Last updated: 23 January 2018

Casualties Overview

All known casualties by end 2016

2,792 casualties (533 killed; 2,259 injured)

Casualties occurring in 2016

14 (2015: 6)

2016 casualties by survival outcome

2 killed; 12 injured (2015: 6 injured)

2016 casualties by device type

14 explosive remnants of war (ERW)

In 2016, the Monitor identified 14 ERW casualties in the Republic of Uganda from two incidents. In February, one child was killed and eight others wounded at their school by a grenade found near old military barracks.[1] In June, one person was killed and four injured by an ERW incident at a scrap metal factory.[2]

In 2015, the Monitor identified six casualties in Uganda from two incidents. Both incidents involved ERW explosions triggered by fire and occurred in northern Uganda.[3] Two men at Gulu Central Prison were also injured by an unknown explosive device that was accidentally detonated while burning garbage.[4]

Following a peak of about 150 mine/ERW casualties recorded per year during 1996–1997, the number of annual mine/ERW casualties has decreased significantly.[5] The most recently reported antipersonnel mine casualty occurred in November 2012; Uganda declared itself mine-free in December 2012.[6]

The total number of mine/ERW casualties in Uganda is not known. At least 2,792 casualties (533 killed; 2,259 injured) had been identified by December 2016.[7]

Cluster munition casualties

A 2006 survey of mine and unexploded ordnance (UXO) casualties in Gulu district determined that 3% of recorded casualties (1,387 at the time) were caused by cluster munition remnants. Five other suspected submunition casualties were reported in 2006.[8] As of the end of 2015, no additional casualties caused by cluster munition remnants had been identified since 2006.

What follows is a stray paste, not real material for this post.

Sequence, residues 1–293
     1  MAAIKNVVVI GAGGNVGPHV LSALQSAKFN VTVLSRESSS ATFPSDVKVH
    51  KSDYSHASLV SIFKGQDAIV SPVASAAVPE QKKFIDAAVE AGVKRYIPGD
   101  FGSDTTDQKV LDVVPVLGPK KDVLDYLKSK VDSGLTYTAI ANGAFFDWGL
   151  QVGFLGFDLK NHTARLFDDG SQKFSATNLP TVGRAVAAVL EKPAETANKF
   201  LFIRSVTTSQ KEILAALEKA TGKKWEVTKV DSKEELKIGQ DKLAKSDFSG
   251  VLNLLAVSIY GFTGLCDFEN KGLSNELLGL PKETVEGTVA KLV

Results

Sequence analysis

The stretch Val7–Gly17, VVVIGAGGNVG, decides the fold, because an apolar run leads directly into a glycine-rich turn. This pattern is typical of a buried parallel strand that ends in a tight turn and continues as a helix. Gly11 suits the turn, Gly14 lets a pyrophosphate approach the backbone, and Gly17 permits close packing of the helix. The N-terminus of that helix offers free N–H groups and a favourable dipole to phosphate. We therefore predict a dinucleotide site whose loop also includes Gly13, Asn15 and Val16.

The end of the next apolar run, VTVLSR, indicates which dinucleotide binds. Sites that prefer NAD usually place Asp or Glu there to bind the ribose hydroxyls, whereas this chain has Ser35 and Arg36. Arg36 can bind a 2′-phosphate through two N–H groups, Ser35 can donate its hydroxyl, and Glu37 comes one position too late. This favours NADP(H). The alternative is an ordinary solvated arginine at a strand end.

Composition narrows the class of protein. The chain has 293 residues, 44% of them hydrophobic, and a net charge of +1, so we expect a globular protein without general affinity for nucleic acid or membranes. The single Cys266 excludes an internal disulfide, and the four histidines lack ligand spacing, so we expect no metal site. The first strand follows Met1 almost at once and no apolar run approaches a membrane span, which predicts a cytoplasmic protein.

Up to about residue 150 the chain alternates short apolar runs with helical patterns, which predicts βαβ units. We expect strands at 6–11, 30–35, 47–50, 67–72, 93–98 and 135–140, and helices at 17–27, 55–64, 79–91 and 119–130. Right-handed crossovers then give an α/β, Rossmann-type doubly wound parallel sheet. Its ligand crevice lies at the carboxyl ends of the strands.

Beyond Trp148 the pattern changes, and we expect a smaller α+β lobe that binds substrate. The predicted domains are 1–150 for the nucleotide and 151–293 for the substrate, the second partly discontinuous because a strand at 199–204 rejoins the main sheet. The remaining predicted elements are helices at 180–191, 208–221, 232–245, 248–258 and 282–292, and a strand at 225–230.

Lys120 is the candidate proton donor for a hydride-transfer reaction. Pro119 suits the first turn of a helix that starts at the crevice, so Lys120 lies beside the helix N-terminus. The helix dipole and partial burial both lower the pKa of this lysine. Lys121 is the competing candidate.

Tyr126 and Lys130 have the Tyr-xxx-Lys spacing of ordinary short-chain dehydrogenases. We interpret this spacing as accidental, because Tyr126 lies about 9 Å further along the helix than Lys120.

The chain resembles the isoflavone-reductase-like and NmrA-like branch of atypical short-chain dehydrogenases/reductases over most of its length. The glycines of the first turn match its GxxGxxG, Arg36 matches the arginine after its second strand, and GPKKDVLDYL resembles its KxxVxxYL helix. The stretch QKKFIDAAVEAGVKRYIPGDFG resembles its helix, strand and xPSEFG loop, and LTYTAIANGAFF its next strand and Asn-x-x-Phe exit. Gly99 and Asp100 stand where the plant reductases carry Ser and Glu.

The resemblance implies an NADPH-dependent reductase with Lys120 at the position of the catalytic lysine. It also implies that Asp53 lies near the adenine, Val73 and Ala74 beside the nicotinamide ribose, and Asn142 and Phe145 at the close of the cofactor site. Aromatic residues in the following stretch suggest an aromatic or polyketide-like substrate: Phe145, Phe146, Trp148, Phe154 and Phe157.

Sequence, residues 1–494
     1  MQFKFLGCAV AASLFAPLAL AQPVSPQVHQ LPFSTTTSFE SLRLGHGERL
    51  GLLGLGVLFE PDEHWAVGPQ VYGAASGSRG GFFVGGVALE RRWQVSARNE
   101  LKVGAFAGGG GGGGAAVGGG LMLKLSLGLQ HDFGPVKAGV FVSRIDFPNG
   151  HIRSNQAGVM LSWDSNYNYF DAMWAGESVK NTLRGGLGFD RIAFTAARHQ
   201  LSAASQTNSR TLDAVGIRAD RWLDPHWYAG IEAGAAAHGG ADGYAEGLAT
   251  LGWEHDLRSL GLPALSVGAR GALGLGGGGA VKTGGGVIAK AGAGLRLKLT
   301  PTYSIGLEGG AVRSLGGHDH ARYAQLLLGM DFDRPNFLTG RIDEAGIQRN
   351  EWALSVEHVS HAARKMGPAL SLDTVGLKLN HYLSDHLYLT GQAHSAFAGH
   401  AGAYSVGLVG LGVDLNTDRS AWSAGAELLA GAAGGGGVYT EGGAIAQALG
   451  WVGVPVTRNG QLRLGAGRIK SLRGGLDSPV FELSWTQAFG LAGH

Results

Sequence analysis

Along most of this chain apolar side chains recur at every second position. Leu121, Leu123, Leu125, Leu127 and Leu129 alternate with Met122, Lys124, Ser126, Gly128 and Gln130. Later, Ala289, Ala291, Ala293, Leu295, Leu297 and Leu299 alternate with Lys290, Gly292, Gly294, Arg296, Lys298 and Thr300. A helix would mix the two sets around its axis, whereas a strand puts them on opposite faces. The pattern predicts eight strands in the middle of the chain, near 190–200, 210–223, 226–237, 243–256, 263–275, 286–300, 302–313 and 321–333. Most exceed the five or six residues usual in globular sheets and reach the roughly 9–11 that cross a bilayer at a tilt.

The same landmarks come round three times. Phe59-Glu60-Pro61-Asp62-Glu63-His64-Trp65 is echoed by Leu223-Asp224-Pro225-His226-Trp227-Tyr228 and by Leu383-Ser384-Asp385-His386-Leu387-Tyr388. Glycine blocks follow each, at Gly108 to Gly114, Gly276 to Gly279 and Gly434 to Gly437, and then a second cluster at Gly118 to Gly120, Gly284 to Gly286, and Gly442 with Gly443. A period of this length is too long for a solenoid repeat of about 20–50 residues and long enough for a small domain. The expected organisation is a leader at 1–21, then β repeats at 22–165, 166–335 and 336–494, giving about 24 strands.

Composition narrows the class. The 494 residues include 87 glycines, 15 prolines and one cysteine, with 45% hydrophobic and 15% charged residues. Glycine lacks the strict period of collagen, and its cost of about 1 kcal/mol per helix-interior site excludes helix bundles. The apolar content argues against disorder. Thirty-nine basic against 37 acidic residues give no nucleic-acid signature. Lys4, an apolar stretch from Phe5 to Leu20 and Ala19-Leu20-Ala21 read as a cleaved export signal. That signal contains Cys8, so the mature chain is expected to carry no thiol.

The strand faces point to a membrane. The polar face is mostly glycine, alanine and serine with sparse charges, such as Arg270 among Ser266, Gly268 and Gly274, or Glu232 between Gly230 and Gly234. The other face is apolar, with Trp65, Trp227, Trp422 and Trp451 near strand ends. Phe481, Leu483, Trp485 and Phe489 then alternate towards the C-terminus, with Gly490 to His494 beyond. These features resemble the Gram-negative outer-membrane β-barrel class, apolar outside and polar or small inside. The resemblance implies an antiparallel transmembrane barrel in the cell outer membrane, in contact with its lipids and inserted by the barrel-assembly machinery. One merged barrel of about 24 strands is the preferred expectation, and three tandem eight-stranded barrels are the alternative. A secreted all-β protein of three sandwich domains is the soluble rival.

[1]Child killed in Uganda by suspected old grenade,” 24 News, 18 February 2016.

[2] Yazid Yolisigira, “Factory blast leaves one dead, injures four,” Daily Monitor, 20 June 2016.

[3] A report referred to the device as a “bomb,” however it appears to have been ERW. Julius Ocungi, “Bomb blast injures Amuru family,” Daily Monitor, 5 June 2015; and Julius Ocungi, “Suspected bomb blast injures two inmates,” Daily Monitor, 24 March 2015.

[4] Police reported that the device could have been a planted bomb or other explosive device.

[5] Casualty data analysis over time based on previous Monitor data; and “Mines/UXO victim status in IMSMA: Mine and UXO Victims data collected by UMAC [Ugandan Mine Action Center]/DDG [Danish Demining Group], Handicap International [HI] and AVSI [Association of Volunteers in International Services] in Uganda 1971–2011,” provided by email from Afedra Robert Iga, UMAC, 25 May 2011.

[6] Media monitoring from 1 January 2013 to 31 December 2015; and email from Samuel Omara, Information Management Officer, DDG/UMAC, 22 March 2013.

[7] Through August 2010 there were 2,744 casualties (524 killed; 2,220 injured) registered. No further casualties were confirmed between the date of publication (August 2010) and the end of 2010. Ministry of Gender, Labour and Social Development (MGLSD), “Comprehensive Plan on Victim Assistance 2010–2014,” Kampala, August 2010, p. 4; emails from Samuel Omara, UMAC, 27 June 2012, and 22 March 2013; and media monitoring, 1 January 2013 to 31 December 2015.

[8] AVSI, “Gulu District Landmine/ERW Victims Survey Report,” May 2006, p. 20; and HI, Circle of Impact: The Fatal Footprint of Cluster Munitions on People and Communities (Brussels: HI: May 2007), p. 147.